Crucial M500 960GB and more
Posted on: 10/09/2013 01:13 PM

Here a roundup of today's reviews and articles, including Crucial M500 960GB, Toshiba HG5D Series SATA M.2 SSD Review (512GB), NZXT H630 Review, iPhone 5C vs iPhone 4S head to head review, and Samsung Series 9 SB970 WQHD LED Monitor Review

Crucial M500 960GB @ PureOverclock
We’ve said for quite some time that the biggest performance increase you’ll see in a system upgrade these days it moving to a Solid State Drive. The improvements of an SSD, in our opinion, are nothing short of astounding. So scintillating is the difference that you’ll wonder how you ever survived without one.

So it comes as no surprise there are increasingly more options available from various manufacturers to address various needs. Controller tech, speeds, and storage sizes are the golden trifecta of SSD success. And today we’re looking at the Crucial M500 960GB drive that is poised to address all three.


Read more: Crucial M500 960GB @ PureOverclock

ASRock Z87E-ITX Mini-ITX Motherboard @ Custom PC Review
With Intel’s focus shifting towards power efficiency rather than maximum performance at all costs, it’s becoming increasingly unnecessary for gamers and enthusiasts to purchase bulky and cumbersome giant cases with giant motherboards with tons of cooling capacity. This is why over the past couple generations of Intel CPUs, a number of motherboard manufacturers have begun embracing the mITX formfactor, which has traditionally been reserved for low power systems.

With that said, today we’ll be reviewing out the ASRock Z87E-ITX motherboard, which as you may expect is a mITX formfactor motherboard based off Intel’s Z87 chipset. This is one of ASRock’s latest motherboards and despite the fact that it’s based off a 17cmx17cm size, the motherboard is very full featured sporting a full PCIe x16 slot for your high powered graphics, six phase DrMOS digital power delivery system, a whopping six SATA 6Gb/s ports, Intel Gigabit LAN, 802.11 AC WiFi, mSATA support, and more!


Read more: ASRock Z87E-ITX Mini-ITX Motherboard @ Custom PC Review

Fractal Design ARC XL Review @ OCC
With a good amount of pros I am only going to focus on what really sells the product to me. First up, water cooling, need I say more? This chassis is amazing with its vast options for any sort of configuration you can think up. It does have its limits when setting up push/pull or thick radiators though. Next, my favorite topics: internal cables and cable management. I am sure people are tired of my complaints involving cable lengths. All this is solved now with a company that actually thought ahead! Fractal Design's choice to include 1" (26mm) of space behind the motherboard tray was also a great idea. This alone really pushes the case towards stardom. I cannot count how many times the only option I have is to tie all the loose wires and have them block an air intake fan.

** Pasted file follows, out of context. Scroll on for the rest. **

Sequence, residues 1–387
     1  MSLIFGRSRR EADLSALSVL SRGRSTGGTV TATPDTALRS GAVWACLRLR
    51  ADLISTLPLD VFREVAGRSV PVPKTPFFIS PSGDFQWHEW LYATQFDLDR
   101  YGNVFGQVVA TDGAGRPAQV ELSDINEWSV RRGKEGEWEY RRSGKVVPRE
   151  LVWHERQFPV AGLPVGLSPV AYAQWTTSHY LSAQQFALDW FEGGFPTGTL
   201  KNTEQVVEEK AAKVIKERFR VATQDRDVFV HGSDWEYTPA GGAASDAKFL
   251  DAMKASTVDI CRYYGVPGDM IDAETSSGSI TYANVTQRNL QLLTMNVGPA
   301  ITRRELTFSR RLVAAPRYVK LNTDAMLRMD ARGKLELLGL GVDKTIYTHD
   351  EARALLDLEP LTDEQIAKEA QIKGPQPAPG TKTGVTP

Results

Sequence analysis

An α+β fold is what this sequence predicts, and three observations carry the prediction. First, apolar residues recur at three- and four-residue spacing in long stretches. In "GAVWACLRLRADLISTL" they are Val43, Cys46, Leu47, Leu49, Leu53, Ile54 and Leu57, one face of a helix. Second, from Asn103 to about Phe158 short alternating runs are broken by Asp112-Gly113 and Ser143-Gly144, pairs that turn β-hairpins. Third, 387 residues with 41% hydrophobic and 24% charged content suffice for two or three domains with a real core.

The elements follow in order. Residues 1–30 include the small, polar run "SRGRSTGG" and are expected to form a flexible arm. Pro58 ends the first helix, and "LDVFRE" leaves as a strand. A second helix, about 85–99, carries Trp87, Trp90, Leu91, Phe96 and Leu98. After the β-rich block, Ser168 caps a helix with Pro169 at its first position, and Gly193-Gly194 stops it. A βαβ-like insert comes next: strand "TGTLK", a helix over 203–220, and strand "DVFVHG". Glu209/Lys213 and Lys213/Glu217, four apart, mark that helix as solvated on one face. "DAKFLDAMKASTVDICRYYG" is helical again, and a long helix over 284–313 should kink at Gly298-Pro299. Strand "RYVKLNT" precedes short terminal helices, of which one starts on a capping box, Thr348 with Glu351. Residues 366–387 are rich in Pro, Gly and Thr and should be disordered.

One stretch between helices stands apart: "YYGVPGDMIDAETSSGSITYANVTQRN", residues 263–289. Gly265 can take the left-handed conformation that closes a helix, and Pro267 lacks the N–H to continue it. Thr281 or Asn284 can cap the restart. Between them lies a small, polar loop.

Read more: Fractal Design ARC XL Review @ OCC

Motorola Droid MAXX @ LanOC Reviews
Here in just a few months it will have been two years from when Motorola introduced their Razr MAXX. That length of time is significant for a few reasons. First, most of you know that a lot of people run on two year contracts for their phones so a lot of the original Razr MAXX owners will be on the market for replacements here at the start of the year. Two years is also important because it wasn’t long before the original MAXX was introduced that Google purchased the company for a whopping 13 Billion dollars. In that time as well things have changed in the phone market. Sure the iPhone is still around but who would have thought that Blackberry would still be around and that the phones that were once so powerful and huge are now considered slow and normal in size. What a perfect time for Motorola to introduce its third MAXX phone. This time the they dropped the Razr name all together and just went with the Droid MAXX and its smaller battered brother is called the Droid Ultra. I’ve been using the MAXX for a while now and today I’m going to tell you a little about my experience.


Read more: Motorola Droid MAXX @ LanOC Reviews

SteelSeries Flux In-Ear Pro Headset @ MEGATech
A little while back, we posted a review of the SteelSeries Free Touchscreen Gaming Controls. Today, we’re taking a look at another product offering from SteelSeries, this time geared more toward the audiophiles in the audience. It’s the SteelSeries Flux In-Ear Pro Headset and these little buds mean some serious business.

As the name implies, the Flux In-Ear Pro Headset is a marked step up from the much cheaper Flux In-Ear Headset. The most visible difference comes in the unique design, offsetting the earbud portion from the cord. They say that this balanced armature provides you with more accurate drivers, allowing you to “experience a new dimension to your sound.”


Read more: SteelSeries Flux In-Ear Pro Headset @ MEGATech